Irish government continues to block progress on tax transparency – Matt Carthy MEP
Sinn Féin MEP Matt Carthy has called on the Irish government to end its position of blocking progress on achieving public transparency over the tax affairs of corporate giants in the EU Council. The Midlands North West MEP was speaking from Strasbourg following a vote on the proposal for public country-by-country reporting for multinationals in the European Parliament today, Wednesday. The vote closed the Parliament’s first reading on the proposal, indicating the Parliament believes it will now be impossible to enter into and conclude negotiations with the Council before the end of the mandate in May.
Carthy said: “The proposal for public country-by-country reporting is the most important initiative for tax transparency that has ever been developed. It means that multinational corporations would be required to publicly report their turnover, profits and tax paid in each country in which they operate.
“It is the public aspect that the Fine Gael government is objecting to. The Irish government has introduced country-by-country reporting for companies with a turnover of more than €750 million in line with the OECD BEPS recommendation. But it has not introduced the requirement that the reporting be made public, and Irish government representatives have made it clear that they would oppose the financial data being made public in the Council.
“The Parliament adopted its position on this report in July 2017 but it has been blocked in the Council for several years now.
“I have several issues with the Parliament’s position on this proposal – including the fact that it will apply only to companies with an annual turnover of more than 750 million euros, and the insertion of a secrecy clause that will allow companies to omit public disclosure of income tax information on the grounds of commercial sensitivity.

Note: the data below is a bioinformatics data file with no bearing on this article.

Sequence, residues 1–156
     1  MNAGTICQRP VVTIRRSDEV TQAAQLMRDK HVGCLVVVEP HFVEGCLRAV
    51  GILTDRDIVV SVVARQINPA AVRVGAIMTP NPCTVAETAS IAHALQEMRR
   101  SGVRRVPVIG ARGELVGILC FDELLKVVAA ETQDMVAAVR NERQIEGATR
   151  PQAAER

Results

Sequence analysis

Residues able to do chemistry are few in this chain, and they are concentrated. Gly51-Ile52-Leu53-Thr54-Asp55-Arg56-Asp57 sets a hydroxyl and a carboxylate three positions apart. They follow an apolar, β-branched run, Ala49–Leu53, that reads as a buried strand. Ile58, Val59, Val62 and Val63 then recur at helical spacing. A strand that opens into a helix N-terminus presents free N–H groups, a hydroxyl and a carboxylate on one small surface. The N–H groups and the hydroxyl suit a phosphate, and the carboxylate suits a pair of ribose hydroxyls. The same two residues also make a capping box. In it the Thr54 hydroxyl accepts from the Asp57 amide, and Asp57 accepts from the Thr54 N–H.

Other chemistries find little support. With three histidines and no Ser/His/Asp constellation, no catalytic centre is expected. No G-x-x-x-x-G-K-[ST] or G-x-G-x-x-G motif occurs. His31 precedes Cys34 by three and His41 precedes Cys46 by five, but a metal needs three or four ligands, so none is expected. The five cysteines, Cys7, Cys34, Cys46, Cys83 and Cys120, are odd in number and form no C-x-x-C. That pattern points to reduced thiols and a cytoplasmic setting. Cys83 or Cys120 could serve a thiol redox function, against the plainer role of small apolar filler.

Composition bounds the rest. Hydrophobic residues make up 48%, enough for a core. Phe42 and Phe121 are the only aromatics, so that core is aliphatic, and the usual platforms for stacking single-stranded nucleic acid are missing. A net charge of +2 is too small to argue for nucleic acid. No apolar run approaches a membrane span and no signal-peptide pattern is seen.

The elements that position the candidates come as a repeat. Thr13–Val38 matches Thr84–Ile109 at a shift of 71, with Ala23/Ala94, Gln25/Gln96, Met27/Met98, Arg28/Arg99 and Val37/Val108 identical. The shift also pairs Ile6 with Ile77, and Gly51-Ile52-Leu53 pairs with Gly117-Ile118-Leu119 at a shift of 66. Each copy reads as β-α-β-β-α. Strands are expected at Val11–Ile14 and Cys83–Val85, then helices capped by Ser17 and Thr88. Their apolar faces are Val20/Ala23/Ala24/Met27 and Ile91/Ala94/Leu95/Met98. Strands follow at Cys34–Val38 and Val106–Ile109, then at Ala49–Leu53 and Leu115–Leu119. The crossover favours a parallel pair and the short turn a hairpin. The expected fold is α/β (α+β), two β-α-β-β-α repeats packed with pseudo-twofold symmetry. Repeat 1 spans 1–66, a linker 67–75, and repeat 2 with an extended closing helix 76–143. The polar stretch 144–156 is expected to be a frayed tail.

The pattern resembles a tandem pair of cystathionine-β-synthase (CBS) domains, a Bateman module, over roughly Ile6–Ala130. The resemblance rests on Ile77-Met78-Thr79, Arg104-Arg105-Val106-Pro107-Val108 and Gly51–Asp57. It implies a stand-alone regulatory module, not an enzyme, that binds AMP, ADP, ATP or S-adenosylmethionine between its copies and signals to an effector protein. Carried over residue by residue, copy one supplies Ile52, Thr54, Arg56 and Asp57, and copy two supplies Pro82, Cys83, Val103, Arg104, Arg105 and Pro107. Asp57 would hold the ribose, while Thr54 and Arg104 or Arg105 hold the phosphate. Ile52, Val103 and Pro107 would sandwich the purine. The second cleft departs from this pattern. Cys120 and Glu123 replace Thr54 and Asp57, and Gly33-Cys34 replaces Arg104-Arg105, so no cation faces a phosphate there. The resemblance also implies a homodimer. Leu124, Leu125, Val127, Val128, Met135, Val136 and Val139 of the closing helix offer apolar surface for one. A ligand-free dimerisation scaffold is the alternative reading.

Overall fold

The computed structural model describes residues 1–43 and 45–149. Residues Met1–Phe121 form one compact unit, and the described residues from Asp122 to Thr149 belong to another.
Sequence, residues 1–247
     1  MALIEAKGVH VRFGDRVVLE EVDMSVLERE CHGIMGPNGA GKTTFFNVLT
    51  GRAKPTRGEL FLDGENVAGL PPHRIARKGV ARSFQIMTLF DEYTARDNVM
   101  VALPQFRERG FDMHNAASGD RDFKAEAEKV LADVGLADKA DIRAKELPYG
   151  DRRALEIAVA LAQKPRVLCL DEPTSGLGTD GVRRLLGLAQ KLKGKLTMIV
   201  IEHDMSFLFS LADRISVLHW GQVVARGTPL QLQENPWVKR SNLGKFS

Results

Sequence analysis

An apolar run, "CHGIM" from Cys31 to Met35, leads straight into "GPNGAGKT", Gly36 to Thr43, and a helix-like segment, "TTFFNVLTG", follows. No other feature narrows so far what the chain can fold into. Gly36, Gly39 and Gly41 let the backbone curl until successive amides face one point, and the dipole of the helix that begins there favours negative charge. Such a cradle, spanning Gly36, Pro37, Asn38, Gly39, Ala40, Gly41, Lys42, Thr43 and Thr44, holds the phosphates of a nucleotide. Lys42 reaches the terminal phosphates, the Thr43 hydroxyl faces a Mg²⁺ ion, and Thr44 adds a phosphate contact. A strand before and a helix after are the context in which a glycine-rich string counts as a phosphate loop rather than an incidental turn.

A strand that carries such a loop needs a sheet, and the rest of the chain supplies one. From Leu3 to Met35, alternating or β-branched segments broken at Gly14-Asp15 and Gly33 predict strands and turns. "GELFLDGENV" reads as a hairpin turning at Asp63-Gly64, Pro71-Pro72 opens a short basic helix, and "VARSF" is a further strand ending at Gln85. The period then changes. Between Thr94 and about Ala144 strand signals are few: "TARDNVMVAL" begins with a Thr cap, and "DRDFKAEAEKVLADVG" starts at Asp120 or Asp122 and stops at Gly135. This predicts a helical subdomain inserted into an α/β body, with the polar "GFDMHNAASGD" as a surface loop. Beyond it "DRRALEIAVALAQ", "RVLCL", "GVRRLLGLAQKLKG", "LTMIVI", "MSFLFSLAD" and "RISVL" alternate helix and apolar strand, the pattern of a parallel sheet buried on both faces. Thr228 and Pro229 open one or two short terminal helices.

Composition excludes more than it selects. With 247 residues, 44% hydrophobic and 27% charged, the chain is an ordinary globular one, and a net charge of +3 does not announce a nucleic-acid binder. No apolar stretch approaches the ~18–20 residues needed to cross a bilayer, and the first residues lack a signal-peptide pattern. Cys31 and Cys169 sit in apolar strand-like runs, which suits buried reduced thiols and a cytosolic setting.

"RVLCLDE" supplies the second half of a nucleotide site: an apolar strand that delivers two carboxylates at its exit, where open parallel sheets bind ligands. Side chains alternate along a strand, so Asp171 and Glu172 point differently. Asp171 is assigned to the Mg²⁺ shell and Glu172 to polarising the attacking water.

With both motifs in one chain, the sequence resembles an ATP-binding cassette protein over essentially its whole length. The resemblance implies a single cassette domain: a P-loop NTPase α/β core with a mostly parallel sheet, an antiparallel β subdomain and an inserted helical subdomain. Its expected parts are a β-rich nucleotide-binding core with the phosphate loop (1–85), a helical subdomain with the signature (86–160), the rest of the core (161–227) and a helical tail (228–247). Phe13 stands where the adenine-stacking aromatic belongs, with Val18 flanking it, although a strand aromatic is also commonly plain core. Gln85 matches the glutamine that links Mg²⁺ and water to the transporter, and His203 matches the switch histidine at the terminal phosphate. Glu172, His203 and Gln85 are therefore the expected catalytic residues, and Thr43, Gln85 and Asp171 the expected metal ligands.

“Yet the Parliament’s position is miles ahead of the Council’s. The latest compromise from the Romanian Presidency of the Council from January shows no progress on the Council’s text. We know that the states who are attempting to block or weaken this proposal in the Council include Ireland, Luxembourg, Germany, Malta, Austria, Cyprus, Sweden and Hungary. It is no coincidence that four of these states were among the five labelled ‘tax havens’ by the European Parliament this week.
“The Council’s position as it stands is hugely problematic. It inserts a secrecy clause that would allow massive discretion to companies to omit disclosures; it allows non-EU headquartered companies to use a ‘comply-or-explain’ clause to avoid reporting on their activities in jurisdictions outside of the EU, even in blacklisted jurisdictions; and it fails to cover letterbox companies. Most importantly it fails to include specific requirements that the reporting be fully disclosed publicly.
“Fine Gael need to publicly explain their position on this proposal in the Council, and stop attempting to shield multinational giants from public scrutiny. Maximum international transparency on tax is not a threat to tax sovereignty. In fact it is Sinn Féin that defends sovereignty across the board, while Fine Gael use it as a fig leaf to facilitate foreign corporates to avoid paying their taxes.
“There is absolutely no justification whatsoever for the Irish government, or any government, to oppose public country-by-country reporting. The only people with anything to fear from tax transparency are corporate tax cheats, and their cheerleaders.” ENDS